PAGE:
Oklahoma ban on gay marriage ruled 'unconstitutional'


A federal court recently ruled that the ban on gay marriage in the state of Oklahoma is unconstitutional.

US District Court Judge Terence Kern wrote in his judgement on Tuesday: "The Court holds that Oklahoma's constitutional amendment limiting marriage to opposite-sex couples violates the Equal Protection Clause of the Fourteenth Amendment of the US Constitution."

He added that the protection offered by the fourteenth amendment "is at the very heart of our legal system".

Despite the court victory, gay marriage is still not permitted in Oklahoma as Judge Kern has opted not to enforce the judgement immediately, pending possible appeals from the Tulsa County district attorney's office, as well as a similar set of appeals resulting from a similar case in Utah.

Judge Kern's ruling only affected "Part A" of an Oklahoma Constitutional amendment, which states in part that "marriage in this state shall consist only of the union of one man and one woman". It had been adopted by referendum in 2004 with 75% of the vote.

CNN quoted Judge Kern as saying, "the Court's rationality review reveals Part A an arbitrary, irrational exclusion of just one class of Oklahoma citizens from a government benefit".

He said that those supporting the amendment "purposefully [drew a line] between two groups of Oklahoma citizens -- same-sex couples desiring an Oklahoma marriage license and opposite-sex couples desiring [a] marriage license".

The case was first brought by two lesbian couples in 2004. Susan Barton, one of the four women involved, told CNN that she is "absolutely thrilled". She and her partner, Gay Phillips, have lived in Oklahoma for more than 50 years. They have been together for the past three decades and got a civil union in Vermont and have collected marriage licenses issued from San Francisco, Vancouver, and British Columbia.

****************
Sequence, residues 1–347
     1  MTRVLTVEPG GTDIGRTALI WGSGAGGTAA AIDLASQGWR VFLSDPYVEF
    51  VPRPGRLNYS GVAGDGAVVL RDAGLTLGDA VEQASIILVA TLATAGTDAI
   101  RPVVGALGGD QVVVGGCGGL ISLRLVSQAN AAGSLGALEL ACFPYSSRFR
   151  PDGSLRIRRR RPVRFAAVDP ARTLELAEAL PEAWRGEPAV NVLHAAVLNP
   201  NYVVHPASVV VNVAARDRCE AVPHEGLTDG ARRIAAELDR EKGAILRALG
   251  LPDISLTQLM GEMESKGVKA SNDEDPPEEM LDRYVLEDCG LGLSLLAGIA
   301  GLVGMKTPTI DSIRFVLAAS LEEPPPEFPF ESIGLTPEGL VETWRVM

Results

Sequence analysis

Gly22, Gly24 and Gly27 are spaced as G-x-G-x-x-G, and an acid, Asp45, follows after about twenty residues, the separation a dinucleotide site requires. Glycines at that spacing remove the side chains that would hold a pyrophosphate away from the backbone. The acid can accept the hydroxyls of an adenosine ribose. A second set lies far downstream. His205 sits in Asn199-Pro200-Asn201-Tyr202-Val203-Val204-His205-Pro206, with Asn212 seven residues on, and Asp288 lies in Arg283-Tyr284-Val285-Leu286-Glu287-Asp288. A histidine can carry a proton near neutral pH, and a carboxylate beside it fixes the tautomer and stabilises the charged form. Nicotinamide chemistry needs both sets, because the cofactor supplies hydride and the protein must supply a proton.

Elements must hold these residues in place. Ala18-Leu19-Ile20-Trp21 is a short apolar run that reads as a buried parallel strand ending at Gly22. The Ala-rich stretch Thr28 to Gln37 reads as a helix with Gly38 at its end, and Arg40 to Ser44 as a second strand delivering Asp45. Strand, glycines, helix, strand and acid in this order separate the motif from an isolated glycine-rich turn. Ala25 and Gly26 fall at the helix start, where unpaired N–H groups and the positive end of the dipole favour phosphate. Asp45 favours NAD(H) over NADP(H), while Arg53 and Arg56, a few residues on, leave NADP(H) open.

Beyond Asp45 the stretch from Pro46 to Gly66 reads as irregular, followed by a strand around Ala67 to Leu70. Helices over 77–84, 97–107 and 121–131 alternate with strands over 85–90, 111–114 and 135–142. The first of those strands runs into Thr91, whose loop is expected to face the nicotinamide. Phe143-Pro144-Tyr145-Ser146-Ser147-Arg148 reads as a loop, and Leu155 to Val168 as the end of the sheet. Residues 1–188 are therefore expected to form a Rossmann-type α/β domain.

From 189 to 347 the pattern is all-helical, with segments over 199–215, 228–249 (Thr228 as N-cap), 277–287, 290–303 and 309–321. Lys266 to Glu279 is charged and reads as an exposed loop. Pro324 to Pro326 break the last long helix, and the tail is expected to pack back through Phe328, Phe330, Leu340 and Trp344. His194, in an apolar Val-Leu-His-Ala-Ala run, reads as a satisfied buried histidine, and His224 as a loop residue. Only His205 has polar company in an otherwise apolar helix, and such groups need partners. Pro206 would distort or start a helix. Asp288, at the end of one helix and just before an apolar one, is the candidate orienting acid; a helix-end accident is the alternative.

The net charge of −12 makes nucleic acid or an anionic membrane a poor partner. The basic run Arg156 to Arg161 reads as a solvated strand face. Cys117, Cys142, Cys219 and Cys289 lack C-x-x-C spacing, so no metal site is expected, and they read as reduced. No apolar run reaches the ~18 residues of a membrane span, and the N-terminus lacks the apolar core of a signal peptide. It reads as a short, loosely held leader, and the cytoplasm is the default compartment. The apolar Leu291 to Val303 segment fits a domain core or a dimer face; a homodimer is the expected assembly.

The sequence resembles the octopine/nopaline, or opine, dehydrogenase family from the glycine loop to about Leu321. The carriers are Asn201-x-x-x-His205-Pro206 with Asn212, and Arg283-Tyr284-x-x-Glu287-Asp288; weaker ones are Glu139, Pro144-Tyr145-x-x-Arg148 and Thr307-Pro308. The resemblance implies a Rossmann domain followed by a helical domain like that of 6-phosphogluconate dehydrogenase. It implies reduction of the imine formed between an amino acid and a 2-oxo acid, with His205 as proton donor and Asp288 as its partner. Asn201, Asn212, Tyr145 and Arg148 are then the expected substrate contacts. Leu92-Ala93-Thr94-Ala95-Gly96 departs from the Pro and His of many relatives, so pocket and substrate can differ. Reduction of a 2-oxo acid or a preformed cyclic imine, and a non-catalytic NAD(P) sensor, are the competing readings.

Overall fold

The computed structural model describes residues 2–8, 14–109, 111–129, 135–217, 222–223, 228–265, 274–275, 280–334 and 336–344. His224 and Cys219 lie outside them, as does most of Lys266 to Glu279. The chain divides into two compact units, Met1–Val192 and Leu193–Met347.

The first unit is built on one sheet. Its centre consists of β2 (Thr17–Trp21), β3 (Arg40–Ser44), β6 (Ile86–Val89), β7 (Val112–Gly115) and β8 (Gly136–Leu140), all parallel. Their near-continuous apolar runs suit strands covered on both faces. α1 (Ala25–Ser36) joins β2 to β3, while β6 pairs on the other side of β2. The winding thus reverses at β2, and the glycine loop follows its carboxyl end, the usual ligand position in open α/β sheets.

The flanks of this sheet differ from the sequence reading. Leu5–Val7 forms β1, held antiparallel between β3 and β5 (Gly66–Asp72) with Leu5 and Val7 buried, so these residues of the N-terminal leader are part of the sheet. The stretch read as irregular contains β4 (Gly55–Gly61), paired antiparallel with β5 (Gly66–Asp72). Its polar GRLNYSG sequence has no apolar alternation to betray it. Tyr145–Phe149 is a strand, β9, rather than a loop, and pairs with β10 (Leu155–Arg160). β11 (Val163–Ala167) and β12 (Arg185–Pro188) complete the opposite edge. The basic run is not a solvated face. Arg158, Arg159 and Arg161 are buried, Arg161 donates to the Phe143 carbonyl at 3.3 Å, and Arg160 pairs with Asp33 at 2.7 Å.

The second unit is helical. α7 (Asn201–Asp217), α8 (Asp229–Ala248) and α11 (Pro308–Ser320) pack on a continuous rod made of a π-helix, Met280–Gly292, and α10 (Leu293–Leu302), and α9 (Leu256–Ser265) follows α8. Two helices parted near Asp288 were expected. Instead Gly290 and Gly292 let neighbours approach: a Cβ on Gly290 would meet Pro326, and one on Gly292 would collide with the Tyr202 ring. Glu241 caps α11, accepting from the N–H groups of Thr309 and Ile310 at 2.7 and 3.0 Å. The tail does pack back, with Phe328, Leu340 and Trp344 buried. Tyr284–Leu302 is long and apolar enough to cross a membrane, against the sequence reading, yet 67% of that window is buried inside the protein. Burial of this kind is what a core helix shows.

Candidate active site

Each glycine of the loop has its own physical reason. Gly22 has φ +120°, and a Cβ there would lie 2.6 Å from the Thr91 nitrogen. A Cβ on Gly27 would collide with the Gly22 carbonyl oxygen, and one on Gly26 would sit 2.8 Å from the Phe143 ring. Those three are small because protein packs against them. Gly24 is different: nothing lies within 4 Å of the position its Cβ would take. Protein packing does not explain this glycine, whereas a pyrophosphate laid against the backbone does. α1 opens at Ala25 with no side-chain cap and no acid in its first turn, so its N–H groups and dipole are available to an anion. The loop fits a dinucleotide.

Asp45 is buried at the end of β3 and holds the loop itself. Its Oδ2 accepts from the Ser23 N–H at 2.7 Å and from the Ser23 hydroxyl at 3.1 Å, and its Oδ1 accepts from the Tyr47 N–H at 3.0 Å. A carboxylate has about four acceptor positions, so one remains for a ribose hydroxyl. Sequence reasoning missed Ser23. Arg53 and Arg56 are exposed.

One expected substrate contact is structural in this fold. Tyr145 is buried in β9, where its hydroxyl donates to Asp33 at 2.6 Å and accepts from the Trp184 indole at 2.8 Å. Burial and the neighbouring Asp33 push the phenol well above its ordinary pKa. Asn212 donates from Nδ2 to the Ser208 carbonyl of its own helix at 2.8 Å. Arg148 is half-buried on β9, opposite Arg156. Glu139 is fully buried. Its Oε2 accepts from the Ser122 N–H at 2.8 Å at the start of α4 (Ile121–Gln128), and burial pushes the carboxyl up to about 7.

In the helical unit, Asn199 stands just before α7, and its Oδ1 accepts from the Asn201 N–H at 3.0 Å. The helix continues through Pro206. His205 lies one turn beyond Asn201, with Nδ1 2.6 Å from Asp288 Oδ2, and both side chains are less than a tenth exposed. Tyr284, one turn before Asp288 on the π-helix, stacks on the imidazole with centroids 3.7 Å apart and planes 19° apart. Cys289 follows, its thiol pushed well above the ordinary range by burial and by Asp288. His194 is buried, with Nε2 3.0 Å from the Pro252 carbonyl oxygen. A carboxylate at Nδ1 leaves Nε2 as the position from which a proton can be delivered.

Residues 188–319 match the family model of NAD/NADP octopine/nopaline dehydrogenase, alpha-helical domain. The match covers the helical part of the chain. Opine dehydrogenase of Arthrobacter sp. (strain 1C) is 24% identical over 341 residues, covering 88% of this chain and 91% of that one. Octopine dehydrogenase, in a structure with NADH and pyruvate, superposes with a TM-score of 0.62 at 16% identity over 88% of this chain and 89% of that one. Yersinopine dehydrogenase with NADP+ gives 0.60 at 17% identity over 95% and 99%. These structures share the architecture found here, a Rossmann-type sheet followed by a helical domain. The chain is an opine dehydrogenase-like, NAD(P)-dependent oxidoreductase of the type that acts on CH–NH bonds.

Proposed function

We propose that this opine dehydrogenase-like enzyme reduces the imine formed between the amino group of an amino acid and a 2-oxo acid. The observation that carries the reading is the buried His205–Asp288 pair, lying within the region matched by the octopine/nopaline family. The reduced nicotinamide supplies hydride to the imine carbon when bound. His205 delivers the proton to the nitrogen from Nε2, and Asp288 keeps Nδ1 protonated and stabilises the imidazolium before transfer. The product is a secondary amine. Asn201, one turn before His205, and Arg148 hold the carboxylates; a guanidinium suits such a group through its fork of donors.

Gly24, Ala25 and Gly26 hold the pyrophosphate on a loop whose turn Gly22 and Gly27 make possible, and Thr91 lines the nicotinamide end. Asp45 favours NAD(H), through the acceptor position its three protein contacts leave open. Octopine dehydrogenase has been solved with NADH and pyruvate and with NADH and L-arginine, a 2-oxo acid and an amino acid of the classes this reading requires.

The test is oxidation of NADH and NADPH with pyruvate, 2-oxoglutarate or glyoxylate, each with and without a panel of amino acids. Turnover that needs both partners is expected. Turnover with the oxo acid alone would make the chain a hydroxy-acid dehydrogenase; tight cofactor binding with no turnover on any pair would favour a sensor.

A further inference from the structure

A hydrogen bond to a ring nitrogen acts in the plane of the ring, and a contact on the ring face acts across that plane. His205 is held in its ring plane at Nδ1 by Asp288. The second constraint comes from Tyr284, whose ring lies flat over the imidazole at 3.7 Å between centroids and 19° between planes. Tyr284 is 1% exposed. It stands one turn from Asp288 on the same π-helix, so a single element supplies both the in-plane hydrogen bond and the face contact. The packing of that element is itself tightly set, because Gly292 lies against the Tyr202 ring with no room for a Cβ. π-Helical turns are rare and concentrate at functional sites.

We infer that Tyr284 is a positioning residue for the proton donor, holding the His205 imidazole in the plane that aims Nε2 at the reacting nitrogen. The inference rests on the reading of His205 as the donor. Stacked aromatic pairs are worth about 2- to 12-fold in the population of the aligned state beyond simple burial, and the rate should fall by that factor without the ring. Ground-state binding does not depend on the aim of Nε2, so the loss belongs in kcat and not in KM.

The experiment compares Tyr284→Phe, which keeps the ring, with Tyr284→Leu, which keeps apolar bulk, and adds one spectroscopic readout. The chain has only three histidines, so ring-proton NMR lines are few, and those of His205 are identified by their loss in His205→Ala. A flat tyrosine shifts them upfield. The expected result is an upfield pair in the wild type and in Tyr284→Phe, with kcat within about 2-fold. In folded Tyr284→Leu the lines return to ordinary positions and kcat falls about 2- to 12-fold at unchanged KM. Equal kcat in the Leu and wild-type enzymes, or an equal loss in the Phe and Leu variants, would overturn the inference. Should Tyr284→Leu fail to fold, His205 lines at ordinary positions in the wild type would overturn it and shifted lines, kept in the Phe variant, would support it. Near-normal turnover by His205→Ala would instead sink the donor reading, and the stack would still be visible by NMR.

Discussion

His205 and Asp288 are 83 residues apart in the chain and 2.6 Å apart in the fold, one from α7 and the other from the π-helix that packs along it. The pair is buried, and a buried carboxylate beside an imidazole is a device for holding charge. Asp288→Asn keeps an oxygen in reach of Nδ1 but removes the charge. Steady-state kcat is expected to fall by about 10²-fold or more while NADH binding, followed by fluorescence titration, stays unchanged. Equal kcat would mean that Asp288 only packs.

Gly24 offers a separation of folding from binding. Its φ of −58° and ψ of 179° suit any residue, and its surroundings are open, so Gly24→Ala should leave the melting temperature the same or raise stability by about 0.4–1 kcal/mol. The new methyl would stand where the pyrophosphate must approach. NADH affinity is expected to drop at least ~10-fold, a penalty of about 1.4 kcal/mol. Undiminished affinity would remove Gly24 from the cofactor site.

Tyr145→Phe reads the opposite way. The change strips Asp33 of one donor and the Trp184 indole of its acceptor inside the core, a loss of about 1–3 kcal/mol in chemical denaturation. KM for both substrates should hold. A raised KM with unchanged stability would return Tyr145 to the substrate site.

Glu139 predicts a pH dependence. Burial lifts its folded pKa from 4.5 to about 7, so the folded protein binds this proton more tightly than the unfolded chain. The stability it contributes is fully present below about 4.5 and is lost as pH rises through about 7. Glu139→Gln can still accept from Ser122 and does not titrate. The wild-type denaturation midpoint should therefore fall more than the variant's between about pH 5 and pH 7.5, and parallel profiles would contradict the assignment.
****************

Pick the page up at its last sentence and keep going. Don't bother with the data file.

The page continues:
"You can't stay in this for nine years and not have faith," Barton said. "...I feel like we are already married, [but] I want our state to recognise our marriage".

District Attorney Tim Harris of Tulsa County, who represented the Tulsa County clerk, speaking in the New York Times said, "We are disappointed in the ruling." The clerk was defendant in the case because the office issues marriage licenses. Regarding any appeals, Mr Harris said: "We will need to review the decision and talk with our client."

Oklahoma State Governor, Republican Mary Fallin, objected to the ruling. On CNN she was quoted as saying, "I support the right of Oklahoma's voters to govern themselves on this and other policy matters … I am disappointed in the judge's ruling and troubled that the will of the people has once again been ignored by the federal government."

Tuesday's decision was only the third time that a US federal court has struck down a state constitutional amendment on marriage. The two others were the Utah decision in December 2013 and a 2010 ruling in California that eventually overturned Proposition 8, the ballot title being "Eliminates Rights of Same-Sex Couples to Marry".

Carl Tobias, a constitutional law professor at the University of Richmond, said on CNN that federal district judges striking at state bans "looks like a trend" that is kicking into gear in the generally conservative states of Utah and Oklahoma.

"It seems to be moving much more quickly than people thought," said Tobias.